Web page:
A reminder of the Local plan (2018) omission sites and promoters and MP Steve Barclay’s complaint (2017) to the Auditor General
2018 local plan omission sites and promoters. In 2017 MP Steve Barclay, now Chief Secretary to the Treasury, wrote a letter of complaint to the Auditor General , Sir Amyas Morse, in which he expressed concerns about LEP and City Deal funding and conflicts of interest. Some of the concerns he raised about developers and conflicts of interest were investigated by the Public Accounts Committee, but not all of the concerns he raised. The new Auditor General is Dame Fiona Reynolds.
Dame Fiona Reynolds is also chair of Cambridge’s Centre for Science and Policy Advisory Group
The Director of Planning, Ministry for Housing, Communities and Local Government, Pedro Wrobel is a new CSAP fellow. see link below
Concerns about conflicts of interest were raised by RA reps with the Director of Greater Cambridge Shared Planning Service, Stephen Kelly See Q 9, 10. 11.
Concerns expressed by residents and river groups to FeCRA about conflicts of interest and raised with the Environment Committee
The Environment Committee subsequently approved the appointment to the board of Natural Cambs of a councillor who works for Affinity Water. Affinity Water are a member of the board of Water Resources East. Water Resources has been set up by Anglian Water. It is working closely with the Environment Agency, see Natural Cambridgesnhires’ ‘Scoping Nature for Investment plan, p 133.
Some of you may have seen the recent letter in the Cambridge News written by the hydrologist and groundwater specialist Dr Sarah Beeson. Dr Beeson is Anglian Water’s former Head of Evidence and Water Quality. The letter concerns Anglian Water’s relocation of the sewage works. As Anglian Water have confirmed this relocation of the sewage works, funded by the UK tax payer, is not taking place for operational reasons but to enable development. Click on links below.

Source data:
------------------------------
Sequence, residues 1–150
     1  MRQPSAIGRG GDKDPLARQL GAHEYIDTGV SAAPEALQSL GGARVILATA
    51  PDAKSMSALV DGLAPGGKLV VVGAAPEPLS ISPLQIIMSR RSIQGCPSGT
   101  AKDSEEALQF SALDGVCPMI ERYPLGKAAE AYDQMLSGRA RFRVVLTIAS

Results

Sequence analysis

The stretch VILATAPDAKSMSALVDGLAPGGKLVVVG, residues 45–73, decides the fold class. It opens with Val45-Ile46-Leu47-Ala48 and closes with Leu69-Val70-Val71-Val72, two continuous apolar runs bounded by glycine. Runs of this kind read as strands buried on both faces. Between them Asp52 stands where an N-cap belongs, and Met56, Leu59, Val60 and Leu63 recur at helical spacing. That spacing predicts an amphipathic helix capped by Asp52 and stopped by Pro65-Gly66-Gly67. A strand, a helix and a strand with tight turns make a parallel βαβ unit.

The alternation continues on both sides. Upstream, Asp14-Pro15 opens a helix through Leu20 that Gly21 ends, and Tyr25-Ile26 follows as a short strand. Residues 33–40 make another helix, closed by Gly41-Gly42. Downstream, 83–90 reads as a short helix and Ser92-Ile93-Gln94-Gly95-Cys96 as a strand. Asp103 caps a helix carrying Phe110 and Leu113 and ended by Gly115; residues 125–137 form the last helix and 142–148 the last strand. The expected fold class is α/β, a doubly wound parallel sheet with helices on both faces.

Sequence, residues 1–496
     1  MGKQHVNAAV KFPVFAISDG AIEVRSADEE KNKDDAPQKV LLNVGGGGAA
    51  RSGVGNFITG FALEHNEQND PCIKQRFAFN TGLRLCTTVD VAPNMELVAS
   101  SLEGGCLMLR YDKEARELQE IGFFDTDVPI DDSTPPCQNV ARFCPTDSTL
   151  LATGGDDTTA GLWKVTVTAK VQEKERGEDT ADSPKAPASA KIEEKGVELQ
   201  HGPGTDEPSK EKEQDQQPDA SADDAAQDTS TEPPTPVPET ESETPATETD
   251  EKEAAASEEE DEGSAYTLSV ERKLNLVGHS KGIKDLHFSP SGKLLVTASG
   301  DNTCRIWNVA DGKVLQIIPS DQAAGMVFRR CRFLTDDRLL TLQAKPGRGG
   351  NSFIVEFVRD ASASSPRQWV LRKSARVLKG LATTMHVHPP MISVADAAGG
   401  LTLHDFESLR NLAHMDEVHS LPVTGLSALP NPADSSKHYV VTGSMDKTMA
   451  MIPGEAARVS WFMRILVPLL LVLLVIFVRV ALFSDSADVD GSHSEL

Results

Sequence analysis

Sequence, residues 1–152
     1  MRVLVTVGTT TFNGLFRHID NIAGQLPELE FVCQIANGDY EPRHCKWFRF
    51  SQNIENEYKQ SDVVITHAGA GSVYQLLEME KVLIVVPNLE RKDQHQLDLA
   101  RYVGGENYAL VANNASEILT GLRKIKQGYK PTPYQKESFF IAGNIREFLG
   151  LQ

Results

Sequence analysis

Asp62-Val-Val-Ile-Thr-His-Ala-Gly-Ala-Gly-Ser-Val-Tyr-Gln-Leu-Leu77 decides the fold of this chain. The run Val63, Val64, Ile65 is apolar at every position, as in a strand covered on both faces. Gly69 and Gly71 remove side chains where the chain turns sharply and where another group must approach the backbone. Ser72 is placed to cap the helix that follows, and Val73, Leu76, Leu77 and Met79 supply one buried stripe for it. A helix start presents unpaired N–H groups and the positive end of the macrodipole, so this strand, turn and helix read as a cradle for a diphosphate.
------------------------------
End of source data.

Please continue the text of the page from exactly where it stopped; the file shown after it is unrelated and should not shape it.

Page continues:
ENDS Report 17 August 2020 Controversial new town could damage chalk streams warns EA
Env Agency response to Northstowe Phase 3A planning application 7th August 2020
Letter to Planning about Worts Causeway Land at Newbury Farm
Chalk Aquifer Alliance – event Sept 23 with Feargal Sharkey
The Chalk Aquifer alliance is a network of river groups and organisations standing up for chalk streams across the chalk aquifer of England.
Sept 23 – Feargal Sharkey – Seven Deadly Sins- the seven lies told to you by water companies and the Environment Agency
“Following a successful career in the music industry, keen fly fisherman Feargal Sharkey OBE is now chairman of Amwell Magna Fishery, the oldest angling club in Britain still fishing the same water. He is an outspoken critic of the national bodies tasked with managing our rivers and the environment, and an active campaigner for rivers. In this talk he will argue that we have been repeating the same mistakes on chalk streams for over 30 years, and explain what, in his view, needs to change.
Free. All welcome. Click here to register in advance and joining instructions will be sent to you”